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December 2006 - January 2007


Travel

Boat to Jordan

by Bajrang Bahadur Mathur


Jordan basically is an inland country except for a few miles of coastline on the tip of the Gulf of Aqaba. The port town of Aqaba is the only place to arrive by boat to marvel at the goodies, mysteries and wonders of Jordan. All settlements with major attractions are on or around the King’s Highway which runs north from Aqaba to the capital city Amman, passing through Petra, Shobak, Karak and Madaba. The Kingdom of Jordan as we know it today is comparatively new. King Abdullah I founded the nation after World War I. His grandson, King Hussein ruled the country for forty six years, who in 1999 passed the throne to his son, the present King Abdullah II.


Glorious colours over ancient city of Jarash

Historically and archeologically speaking this part of the Middle East was inhabited for many thousands of years before Christ. Referring to biblical times, it was on this land that John baptised Jesus and Moses died in a Wadi (valley) near the city of Madaba, and was buried on the Mount Nebo.

Jarash City is an open air museum, possessing remains of richly decorated buildings illustrating the glories of various periods of history including Neolithic, Greek, Roman, Byzantine, Umayyad and many others. The city thrived under the Roman rule and today it is considered to be one of the best preserved Roman cities. A magnificent Triumphal Arch was constructed in 129 AD at the entrance of the city to welcome Emperor Hadrian.


Sketch of the entrance gate to Jarash

Amman, capital of Jordan is built on many hills. The ruins of the ancient Citadel on top of a hill have traces of a Roman Temple, a Byzantine Church and an Umayyad Palace. The terraces of the Citadel offer grand panoramic views of Amman. In the downtown there is a restored Roman Theatre built into the hillside. It seats 6,000 spectators and is still in use. It also houses the Museum of Folklore and the Museum of Popular Tradition. The most distinctive landmark in West Amman is the newly constructed King Abdullah Mosque with its giant blue dome. It is also an Islamic Cultural Centre. The main area of the mosque is octagonal in shape with capacity to house 3000 worshippers. The design of the beautiful interior is focused on the Quranic Verse.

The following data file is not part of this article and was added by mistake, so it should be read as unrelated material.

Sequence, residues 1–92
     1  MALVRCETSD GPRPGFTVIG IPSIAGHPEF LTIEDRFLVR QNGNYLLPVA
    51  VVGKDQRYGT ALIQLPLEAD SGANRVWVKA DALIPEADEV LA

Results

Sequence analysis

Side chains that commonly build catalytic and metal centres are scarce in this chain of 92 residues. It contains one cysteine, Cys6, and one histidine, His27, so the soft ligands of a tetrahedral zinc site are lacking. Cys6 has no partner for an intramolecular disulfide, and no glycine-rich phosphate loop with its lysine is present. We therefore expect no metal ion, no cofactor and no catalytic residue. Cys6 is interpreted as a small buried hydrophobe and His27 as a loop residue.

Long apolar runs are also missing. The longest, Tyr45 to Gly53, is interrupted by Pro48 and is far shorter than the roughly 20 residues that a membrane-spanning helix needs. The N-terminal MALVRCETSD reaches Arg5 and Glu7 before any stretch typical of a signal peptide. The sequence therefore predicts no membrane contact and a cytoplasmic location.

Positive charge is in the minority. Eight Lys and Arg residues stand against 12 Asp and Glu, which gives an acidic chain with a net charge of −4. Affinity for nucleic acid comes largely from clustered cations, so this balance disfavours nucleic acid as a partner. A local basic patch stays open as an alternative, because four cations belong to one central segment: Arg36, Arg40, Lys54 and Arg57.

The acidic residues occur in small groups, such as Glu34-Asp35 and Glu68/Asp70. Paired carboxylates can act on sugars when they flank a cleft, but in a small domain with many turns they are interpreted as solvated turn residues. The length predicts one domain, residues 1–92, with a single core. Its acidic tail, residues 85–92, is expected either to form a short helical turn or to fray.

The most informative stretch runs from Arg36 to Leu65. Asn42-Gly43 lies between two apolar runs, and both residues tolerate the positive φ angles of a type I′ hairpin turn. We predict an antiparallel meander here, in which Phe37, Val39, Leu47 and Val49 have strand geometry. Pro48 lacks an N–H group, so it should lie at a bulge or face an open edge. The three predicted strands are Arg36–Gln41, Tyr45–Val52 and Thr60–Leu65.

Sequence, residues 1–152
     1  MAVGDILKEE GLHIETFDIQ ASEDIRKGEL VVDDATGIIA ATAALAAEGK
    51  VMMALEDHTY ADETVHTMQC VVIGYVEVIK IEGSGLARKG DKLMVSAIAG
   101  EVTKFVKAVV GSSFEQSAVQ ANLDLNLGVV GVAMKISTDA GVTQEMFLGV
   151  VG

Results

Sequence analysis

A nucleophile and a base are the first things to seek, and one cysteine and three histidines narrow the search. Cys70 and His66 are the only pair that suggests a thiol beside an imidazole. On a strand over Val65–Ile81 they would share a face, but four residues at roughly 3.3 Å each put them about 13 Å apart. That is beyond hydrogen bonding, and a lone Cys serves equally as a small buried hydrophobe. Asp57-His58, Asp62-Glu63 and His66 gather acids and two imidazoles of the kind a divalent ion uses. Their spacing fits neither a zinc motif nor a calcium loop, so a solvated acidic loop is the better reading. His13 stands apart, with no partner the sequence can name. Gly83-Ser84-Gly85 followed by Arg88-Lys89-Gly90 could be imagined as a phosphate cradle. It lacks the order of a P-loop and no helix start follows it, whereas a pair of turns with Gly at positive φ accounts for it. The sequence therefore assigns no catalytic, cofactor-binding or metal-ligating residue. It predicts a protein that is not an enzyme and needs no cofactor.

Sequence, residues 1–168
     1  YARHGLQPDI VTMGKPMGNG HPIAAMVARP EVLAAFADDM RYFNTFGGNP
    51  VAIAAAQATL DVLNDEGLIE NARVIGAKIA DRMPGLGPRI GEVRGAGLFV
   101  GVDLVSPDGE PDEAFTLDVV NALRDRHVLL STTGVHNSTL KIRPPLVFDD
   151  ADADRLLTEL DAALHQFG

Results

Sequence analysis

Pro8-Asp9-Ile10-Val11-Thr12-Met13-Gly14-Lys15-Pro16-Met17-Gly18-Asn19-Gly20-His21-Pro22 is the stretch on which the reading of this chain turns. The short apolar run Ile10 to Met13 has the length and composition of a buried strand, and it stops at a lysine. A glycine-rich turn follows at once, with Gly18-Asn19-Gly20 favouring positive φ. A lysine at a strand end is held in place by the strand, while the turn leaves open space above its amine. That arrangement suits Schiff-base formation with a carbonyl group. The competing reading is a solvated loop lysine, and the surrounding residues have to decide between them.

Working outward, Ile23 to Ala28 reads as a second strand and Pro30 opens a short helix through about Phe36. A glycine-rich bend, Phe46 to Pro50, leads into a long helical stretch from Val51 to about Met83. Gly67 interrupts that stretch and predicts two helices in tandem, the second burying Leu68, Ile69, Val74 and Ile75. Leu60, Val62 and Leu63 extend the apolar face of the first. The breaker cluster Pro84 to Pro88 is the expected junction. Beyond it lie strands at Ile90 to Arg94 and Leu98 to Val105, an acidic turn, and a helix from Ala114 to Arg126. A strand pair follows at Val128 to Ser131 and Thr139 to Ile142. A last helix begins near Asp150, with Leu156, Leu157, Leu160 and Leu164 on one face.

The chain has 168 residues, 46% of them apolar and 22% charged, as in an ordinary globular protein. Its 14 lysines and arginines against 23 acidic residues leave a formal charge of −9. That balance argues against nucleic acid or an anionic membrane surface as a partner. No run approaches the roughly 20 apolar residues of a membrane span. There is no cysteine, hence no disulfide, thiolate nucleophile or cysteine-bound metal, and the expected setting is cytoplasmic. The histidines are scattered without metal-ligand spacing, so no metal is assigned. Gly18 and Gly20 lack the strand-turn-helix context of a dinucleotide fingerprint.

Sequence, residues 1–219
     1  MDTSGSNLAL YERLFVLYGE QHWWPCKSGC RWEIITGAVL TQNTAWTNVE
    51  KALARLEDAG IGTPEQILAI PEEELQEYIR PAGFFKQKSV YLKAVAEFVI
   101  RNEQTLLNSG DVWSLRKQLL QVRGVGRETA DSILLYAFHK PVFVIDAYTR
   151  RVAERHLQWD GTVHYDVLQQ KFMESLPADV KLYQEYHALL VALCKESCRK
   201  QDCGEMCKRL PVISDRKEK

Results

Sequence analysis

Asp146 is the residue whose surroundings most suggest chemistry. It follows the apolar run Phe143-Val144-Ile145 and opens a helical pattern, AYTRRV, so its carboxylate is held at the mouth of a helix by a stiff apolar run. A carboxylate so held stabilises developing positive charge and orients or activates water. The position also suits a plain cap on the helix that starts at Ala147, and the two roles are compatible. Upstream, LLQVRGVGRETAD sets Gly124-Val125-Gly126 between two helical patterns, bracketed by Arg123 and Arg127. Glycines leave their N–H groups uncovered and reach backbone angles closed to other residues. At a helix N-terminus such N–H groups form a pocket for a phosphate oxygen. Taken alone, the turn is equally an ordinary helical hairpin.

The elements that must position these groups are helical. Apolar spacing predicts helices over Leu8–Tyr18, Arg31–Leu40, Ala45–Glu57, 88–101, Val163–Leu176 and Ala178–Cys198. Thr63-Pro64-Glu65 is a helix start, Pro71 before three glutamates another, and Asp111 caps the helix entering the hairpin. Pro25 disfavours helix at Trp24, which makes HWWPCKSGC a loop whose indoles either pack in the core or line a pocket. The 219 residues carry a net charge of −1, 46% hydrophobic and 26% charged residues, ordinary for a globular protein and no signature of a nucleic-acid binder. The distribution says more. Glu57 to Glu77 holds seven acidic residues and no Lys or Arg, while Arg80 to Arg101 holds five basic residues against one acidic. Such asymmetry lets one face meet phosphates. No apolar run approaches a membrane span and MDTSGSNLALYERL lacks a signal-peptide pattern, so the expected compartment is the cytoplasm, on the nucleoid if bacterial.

Old Street, Jarash

Crusader Castle: Two of the impressive castles which the Crusaders built are Shobak and Karak. The former is smaller and was constructed on top of a hill to dominate the surrounding landscape with secret passages leading to the important parts of the castle from the land below. The Karak Castle is large and is also at the crown of a hill. The castle is in a state of dilapidation but clearly tells the tales of hard times faced by the commanders and the garrison alike. Both Mamluke and Ottoman rulers rebuilt these castles and left traces of their presence.


Capital City of Amman

Petra: In modern tourism the ancient rose red city of Petra ranks quite high on the list of ‘must see’ areas of interest. It is now a UNESCO World Heritage site. It has been suggested by some archaeologists that Petra should be considered as the eighth wonder of the ancient world. Arabs settled in this area some 2200 years ago and controlled the trading routes between India and China to the Mediterranean Coastal towns. They levied tolls and provided hospitality to caravans carrying Indian silks and spices, and African ivory and animal hides. The city is spectacularly set inside a narrow desert gorge. There are more than thirty five building ruins to be explored, including siqs (gorges), theatre, tombs, colonnaded street, temple, gate and a monastery. However, the prized monument is the Treasury with its facade delicately carved in classic proportions into a pink and red sandstone mountain. It is said by some scholars that it was a tomb of an important King in the 1st century and later used as a temple.


Ruins of a Roman Temple in the Citadel of Amman


Roman Theatre , Amman, still in use

Wadi Rum is a large area covering some 720 square kilometres and also known as Desert of Mountains. It is a vast, magnificent and stunning desert landscape where Jabals (hills) of interesting and astonishing shapes rise above the floor of the valley reaching heights of up to 1700 meters. Both the floor of the valley and the mountains bear shades of beige, orange and red colours. Several Bedouin tribes with their goat herds still live in the area. Somebody had rightly said that ‘the Wadi Rum is truly a wilderness and an immense space where man is dwarfed to insignificance’. In World War I the area of Rum was the Headquarter of T.E. Lawrence who fought for the Arab revolt against the Ottoman Empire. The famous film by David Lean ‘Lawrence of Arabia’ was also filmed here.

Aqaba is a port city and is now being developed as a Red Sea resort. There are facilities of water sports in particular, catering for divers and snorkellers for the exploration of colourful coral reefs and fish.

Jordan is now an unforgettable place to visit due to its diverse terrain, natural wonders and historic sites. It feels like stepping back in time.


Way of living of Bedouins, Folklore Museum, Amman



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Grand interior of King Abdullah Mosque, Amman


Experience floating in the Dead Sea


Tomb of Moses inside a chapel at Mount Nebo


Shobak Castle


Experience the vastness, the emptiness and the grandeur of the mighty spaces of Wadi Rum


Bedouin tent and a large tree both showing that life goes on in Wadi Rum

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